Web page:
The Canadian Law Times, Volume 20
Carswell, 1901 - Canada
From 1900 to 1908 includes the "Annual digest of Canadian cases ... decided in the Judicial Committee of the Privy Council, in the Supreme and Exchequer Courts of Canada, and in the courts of the provinces ... Edited by Edward B. Brown."
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action affirmed agreement alleged allowed amendment amount appeal application appointed assessment authority Bank benefit brought Canada Canadian carried cause Chancery charge claim common condition contract conviction corporation costs County Court Court creditor damages debt decision defendant directed easement effect entitled evidence execution fact followed further give given granted ground Held interest issue Judge judgment jurisdiction jury Justice land lease liable limited matter meaning ment mortgage motion Municipal necessary negligence notice objection obtained Ontario owner paid parties passed payment person plaintiff pleading practice present proceedings Province purchase question railway reason received recover referred Regina respect respondent Rule statement statute street sufficient Supreme Court taken tion Toronto trial wife writ
Page 201 - That for the sure and true interpretation of all statutes in general (be they penal or beneficial, restrictive or enlarging of the common law), four things are to be discerned and considered.
Page 61 - Sir, you do not know it to be good or bad till the judge determines it. I have said that you are to state facts fairly; so that your thinking, or what you call knowing, a cause to be bad must be from reasoning, must be from your supposing your arguments to be weak and inconclusive.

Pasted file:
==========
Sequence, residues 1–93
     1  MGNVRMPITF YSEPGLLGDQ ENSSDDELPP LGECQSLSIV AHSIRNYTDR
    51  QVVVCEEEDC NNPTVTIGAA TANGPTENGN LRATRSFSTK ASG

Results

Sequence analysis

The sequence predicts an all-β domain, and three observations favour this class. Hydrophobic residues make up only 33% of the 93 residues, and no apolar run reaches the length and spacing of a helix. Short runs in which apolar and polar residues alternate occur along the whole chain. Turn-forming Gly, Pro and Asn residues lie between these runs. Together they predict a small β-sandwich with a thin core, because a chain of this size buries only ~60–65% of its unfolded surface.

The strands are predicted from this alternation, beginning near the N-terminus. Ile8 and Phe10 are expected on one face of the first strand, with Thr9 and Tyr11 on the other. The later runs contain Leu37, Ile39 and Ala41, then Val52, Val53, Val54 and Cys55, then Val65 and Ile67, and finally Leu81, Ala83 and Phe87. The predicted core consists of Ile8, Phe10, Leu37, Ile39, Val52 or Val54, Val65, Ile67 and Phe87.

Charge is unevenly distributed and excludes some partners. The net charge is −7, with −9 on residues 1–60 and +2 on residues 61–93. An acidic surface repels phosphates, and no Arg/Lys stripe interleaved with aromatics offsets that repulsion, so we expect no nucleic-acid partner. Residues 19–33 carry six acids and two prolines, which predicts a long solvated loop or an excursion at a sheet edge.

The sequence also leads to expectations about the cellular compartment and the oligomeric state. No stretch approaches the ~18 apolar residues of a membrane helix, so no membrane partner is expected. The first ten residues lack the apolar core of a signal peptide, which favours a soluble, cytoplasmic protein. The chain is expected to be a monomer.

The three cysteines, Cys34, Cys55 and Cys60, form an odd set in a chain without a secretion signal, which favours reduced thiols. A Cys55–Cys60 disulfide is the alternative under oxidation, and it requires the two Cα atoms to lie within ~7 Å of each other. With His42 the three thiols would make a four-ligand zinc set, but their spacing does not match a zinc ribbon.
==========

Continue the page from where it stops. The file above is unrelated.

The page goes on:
Page 237 - We think that the true rule of law is that the person who, for his own purposes, brings on his land and collects and keeps there anything likely to do mischief if it escapes, must keep it in at his peril; and if he does not do so, is prima facie answerable for all the damage which is the natural consequence of its escape.
Page 192 - that the laws of the several states, except where the Constitution, treaties or statutes of the United States shall otherwise require or provide, shall be regarded as rules of decision in trials at common law in the courts of the United States in cases where they apply.
Page 2 - And this is a politic establishment, contrived by the policy of the law for the safety of all persons the necessity of whose affairs oblige them to trust these sorts of persons, that they may be safe in their ways of dealing...
Page 61 - ... supposing your arguments to be weak and inconclusive. But, sir, that is not enough. An argument which does not convince yourself may convince the judge to whom you urge it; and if it does convince him, why then, sir, you are wrong and he is right.
Page 361 - The principle seems to us to be that in contracts in which the performance depends on the continued existence of a given person or thing, a condition is implied, that the impossibility arising from the perishing of the person or thing shall excuse the performance.
Page 100 - The subjects of every state ought to contribute towards the support of the government, as nearly as possible, in proportion to their respective abilities; that is, in proportion to the revenue which they respectively enjoy under the protection of the state.
Page 203 - That in every case of any clerk in holy orders of the United Church of England and Ireland, who may be charged with any offence against the laws ecclesiastical, or concerning whom there may exist scandal or evil report as having offended against the said laws, it shall be lawful...